The true difference is in the host serving the virtual machine. We have such beasts and the disk caching done means a lot of IO is purely in memory.

 

In fact, if your virtual machine running Alpha emulation is using SSDs then defragmentation is not only useless, it's degrading performance for no reason.

 

abrsvc
Respected Contributor

Re: Do we need a disk optimization ?

In fact, if your virtual machine running Alpha emulation is using SSDs then defragmentation is not only useless, it's degrading performance for no reason.

 

For the most part, I would agree with this.  But, my question would be this: 

 

The "virtual" system mimics the real one as we all agree.  That means that fragmentation would also occur.  Aside from the performance of the system, which I will agree won't  be a problem, I would argue that file fragmentation WILL be a problem from the standpoint of increased file header sizes and winddow pointers.  Also,  wouldn't even the "virtual" disks have limits on the number of available disk clusters etc?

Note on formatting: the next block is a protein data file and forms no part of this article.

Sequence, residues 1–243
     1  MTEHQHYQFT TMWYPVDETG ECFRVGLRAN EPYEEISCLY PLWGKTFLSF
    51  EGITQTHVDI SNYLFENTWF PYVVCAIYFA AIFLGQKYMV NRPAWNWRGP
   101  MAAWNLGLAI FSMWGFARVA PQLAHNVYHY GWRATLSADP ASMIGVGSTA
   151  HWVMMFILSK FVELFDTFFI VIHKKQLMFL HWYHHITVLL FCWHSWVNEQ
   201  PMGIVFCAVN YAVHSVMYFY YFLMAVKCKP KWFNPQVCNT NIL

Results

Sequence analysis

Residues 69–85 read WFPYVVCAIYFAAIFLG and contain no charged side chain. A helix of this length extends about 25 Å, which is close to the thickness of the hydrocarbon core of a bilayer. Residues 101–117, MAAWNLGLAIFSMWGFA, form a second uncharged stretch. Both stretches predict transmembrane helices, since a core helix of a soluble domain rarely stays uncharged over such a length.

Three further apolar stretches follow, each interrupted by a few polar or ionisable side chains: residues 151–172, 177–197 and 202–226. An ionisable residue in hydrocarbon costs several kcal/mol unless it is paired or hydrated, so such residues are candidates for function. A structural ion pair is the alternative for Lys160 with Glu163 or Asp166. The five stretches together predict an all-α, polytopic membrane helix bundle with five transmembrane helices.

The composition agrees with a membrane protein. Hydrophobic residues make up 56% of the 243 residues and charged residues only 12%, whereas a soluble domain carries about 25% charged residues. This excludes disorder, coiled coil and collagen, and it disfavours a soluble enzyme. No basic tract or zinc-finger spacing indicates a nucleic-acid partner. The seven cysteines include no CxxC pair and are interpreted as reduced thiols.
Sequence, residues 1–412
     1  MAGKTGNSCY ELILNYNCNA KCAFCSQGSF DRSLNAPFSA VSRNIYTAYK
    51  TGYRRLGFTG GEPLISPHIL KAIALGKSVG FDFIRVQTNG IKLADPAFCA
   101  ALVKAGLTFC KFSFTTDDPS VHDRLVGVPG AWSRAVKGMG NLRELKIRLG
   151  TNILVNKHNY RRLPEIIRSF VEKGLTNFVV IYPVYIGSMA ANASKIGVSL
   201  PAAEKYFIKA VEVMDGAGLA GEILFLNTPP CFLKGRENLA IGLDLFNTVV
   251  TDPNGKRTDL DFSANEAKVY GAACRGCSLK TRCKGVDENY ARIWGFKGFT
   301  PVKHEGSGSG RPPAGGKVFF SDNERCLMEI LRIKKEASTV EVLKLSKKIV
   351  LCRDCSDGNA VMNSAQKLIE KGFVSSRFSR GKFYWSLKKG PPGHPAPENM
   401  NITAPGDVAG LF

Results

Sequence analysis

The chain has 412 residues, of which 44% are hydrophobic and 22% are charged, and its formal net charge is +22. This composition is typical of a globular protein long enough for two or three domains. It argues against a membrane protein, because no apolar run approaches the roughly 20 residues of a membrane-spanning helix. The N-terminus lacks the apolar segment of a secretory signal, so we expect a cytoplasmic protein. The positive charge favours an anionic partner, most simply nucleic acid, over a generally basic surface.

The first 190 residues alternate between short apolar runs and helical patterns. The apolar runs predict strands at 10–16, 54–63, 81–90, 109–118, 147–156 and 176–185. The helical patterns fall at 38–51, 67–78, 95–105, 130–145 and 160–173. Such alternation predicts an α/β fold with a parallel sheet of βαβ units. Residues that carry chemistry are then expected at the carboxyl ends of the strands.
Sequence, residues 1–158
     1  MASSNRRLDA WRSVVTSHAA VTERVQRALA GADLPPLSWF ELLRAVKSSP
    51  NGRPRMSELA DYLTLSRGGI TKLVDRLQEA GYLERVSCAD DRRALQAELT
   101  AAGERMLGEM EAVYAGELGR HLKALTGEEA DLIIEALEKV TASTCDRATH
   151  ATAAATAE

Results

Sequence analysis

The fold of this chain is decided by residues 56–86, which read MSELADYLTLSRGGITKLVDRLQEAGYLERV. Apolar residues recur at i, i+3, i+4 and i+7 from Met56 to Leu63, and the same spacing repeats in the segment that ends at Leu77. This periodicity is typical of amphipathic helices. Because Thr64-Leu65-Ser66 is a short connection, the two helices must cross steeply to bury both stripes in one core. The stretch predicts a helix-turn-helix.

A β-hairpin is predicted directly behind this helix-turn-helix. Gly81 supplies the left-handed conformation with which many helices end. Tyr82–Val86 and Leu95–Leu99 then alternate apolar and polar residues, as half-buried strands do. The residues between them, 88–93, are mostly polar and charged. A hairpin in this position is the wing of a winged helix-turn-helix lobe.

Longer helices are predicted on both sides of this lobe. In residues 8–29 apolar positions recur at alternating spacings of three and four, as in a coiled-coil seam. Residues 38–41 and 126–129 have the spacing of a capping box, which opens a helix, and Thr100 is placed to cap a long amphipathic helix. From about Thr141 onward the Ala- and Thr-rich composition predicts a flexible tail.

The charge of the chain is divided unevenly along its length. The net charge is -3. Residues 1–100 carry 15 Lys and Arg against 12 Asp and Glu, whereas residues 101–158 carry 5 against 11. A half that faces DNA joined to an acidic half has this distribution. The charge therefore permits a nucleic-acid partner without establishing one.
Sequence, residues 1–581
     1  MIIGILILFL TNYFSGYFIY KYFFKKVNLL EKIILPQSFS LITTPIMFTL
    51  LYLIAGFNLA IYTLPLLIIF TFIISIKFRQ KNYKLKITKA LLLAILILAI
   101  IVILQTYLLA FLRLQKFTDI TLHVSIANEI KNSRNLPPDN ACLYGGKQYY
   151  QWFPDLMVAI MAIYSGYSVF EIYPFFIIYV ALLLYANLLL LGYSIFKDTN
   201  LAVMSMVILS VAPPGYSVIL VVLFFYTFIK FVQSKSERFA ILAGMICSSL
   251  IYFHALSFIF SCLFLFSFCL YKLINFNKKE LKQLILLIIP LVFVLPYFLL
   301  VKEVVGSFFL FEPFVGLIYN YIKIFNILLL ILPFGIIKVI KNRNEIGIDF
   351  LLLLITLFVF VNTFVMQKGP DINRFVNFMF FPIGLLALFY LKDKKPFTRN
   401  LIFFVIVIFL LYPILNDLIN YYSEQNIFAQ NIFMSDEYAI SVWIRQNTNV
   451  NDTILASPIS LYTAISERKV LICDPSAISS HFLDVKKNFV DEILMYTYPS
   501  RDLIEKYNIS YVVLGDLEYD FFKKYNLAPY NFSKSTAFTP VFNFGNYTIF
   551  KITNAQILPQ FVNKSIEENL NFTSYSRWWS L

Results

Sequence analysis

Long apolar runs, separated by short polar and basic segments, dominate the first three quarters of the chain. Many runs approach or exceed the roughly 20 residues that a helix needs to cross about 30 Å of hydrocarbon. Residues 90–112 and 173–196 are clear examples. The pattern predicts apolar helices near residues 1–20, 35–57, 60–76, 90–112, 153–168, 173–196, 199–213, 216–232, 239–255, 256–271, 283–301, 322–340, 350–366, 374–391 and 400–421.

Defragmentation has more to it than just performance.

 

Dan

MarkOfAus
Valued Contributor

Re: Do we need a disk optimization ?

The key here is the OP is not sure why it's running defragmentation. I think it would be sound policy to investigate IF this is needed - especially if you're running SSDs as your virtual disks.

 

But regardless of the disk design, if you are having issues with file extents, headers and so on, then as it's a virtual disk, design and initialize a new disk to meet your requirements.

 

It is silly to continue some disk schema that is no longer suitable just so you can run defragmentation.

The_Doc_Man
Advisor

Re: Do we need a disk optimization ?

Whether you need disk optimization depends on whether you need to create AND APPEND very often, and how big the files are that you would append.